brick, and roofed with red clay tiles. There was a handsome little
stone church, built by the Bristol Bible Society in the hopes that it
would shelter scores of converts one day. The society was still
waiting patiently for the converts, but was acknowledged to have one
of the best choirs in the country.
The royal residence was a large gray stone building, behind
which clustered a small village of woven grass huts that housed the
Queen's staff and relatives.
Claire was shown into the Queen's sitting room, a modest
chamber behind the grander formal reception room. Never quite sure how
much their early friendship had been changed by Malaila's assumption
of the throne, Claire remained standing until the Queen arrived.
Shortly thereafter a tall, sleek young woman in a gray silk suit
strode into the room and threw herself into a chair.
"You are looking very elegant today, Great She-leopard," said
Claire. "Official function of some sort?"
"Tea party for the new diplomatic wives, cucumber sandwiches
and fish paste and all that. I got away as quickly as I decently could
and left them to be given the grand tour of the palace compound. It
makes them feel superior, until they get to the throne room and see
all that gold. Never mind about those boring women, sit down and read
this!" demanded the Queen, thrusting an envelope at Claire.
Inside was a newspaper clipping from a Washington newspaper
headlined "Baltimore Girl to be Queen?" With it was a letter. Claire
raised her eyebrows interrogatively at Malaila, who flipped her hand
impatiently and said, "Read it all."
The newspaper piece was a bit of fluff by a society writer,
suggesting that one Wallis Warfield Simpson, about to become a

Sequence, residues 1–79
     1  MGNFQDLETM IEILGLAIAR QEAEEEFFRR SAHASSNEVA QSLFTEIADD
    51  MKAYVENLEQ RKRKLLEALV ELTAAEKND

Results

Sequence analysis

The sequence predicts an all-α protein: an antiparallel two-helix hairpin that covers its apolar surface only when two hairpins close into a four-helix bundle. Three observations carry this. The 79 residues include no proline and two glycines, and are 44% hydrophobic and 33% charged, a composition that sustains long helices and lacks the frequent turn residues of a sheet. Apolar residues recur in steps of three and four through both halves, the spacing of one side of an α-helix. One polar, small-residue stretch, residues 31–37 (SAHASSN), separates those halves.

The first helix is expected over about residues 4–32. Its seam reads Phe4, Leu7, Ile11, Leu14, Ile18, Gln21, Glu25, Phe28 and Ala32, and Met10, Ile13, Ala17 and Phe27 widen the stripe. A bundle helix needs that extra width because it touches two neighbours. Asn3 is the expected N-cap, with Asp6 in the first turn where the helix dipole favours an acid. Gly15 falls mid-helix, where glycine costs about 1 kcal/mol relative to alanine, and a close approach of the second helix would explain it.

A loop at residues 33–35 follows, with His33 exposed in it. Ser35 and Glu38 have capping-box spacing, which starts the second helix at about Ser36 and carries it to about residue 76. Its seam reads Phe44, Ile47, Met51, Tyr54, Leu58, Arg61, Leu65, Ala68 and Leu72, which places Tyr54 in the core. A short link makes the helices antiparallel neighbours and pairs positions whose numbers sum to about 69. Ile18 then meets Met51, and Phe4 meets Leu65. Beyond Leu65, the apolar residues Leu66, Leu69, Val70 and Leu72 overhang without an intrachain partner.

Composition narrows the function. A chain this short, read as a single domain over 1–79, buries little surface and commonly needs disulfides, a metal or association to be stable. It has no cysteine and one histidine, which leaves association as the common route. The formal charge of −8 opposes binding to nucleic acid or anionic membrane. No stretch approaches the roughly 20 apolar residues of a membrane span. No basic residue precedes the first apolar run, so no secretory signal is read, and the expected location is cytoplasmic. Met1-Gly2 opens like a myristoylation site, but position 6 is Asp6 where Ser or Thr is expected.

divorcée for the second time, might be about to wed the Prince of
Wales and in due course be Queen of England. The enclosed letter was a
chatty three pages from one of Malaila's college friends, saying how
exciting it was that an American woman might soon be on the English
throne. Claire read as rapidly as she could, very conscious of the
Queen's drumming fingers on the arm of her chair.
"All right, so what? Newspaper gossip. Why has this upset you?
The Prince has had lady friends before and will no doubt have them
again. How does this affect Tshaniland?" asked Claire.
"You don't understand! What if he wants to bring her here? I
cannot receive such a woman at Enkolovu!" Malaila sprang from her
chair and began pacing the floor like her namesake totem animal.
"But why should he?" Claire was more puzzled than ever.
"His Highness is supposed to be going to the grand opening of
the Birchenough Bridge over the Zambezi. Apparently, it's the greatest
engineering feat of the decade. Once he gets that far, he's bound to
carry on to visit us; he enjoyed himself no end on his last visit, and
promised to return. What's more likely than that he'll take the chance
to visit us after the bridge opening? And he'll bring her and then
there will be an international incident, and--argh! Why do these
"For heaven's sake, calm yourself. Number one, nothing has
happened yet and nothing may ever happen. Number two, you have a staff
of skilled speakers who can talk the hind leg off a wildebeest: they
will find a way to say no without appearing to do so. And number
three, you can always be out of reach: a retreat to consult the
ancestors, perhaps? Failing that, I can check you into the Clinic for
exhaustion. It wouldn't be that much of an exaggeration, come to think
"If I were the King of England, I would have the woman
removed. Either pay her to go, or have her dropped into the North Sea.
That would solve the problem."
"You know that isn't how things are done in England. Once,
perhaps, but not now. The very idea of King George hiring an assassin
"I bet there are days when he'd like one," said the Queen with
a grin. "All right, perhaps I'm worried about nothing. Forgive me,
Claire. Let's sit on the back veranda and drink gin and gossip."
Once settled with a generous gin and tonic, Claire filled the
Queen in on what had been happening lately. Little of what she said
appeared to be news; the Queen's intelligence network, known as the
"Ears of the Queen", clearly had already reported most items of
As she listened, the Queen opened a drawer of a small table
and brought out a package of Camels. "No, do not lecture me. It's my
She lit the cigarette and drew the smoke in deeply. "Don't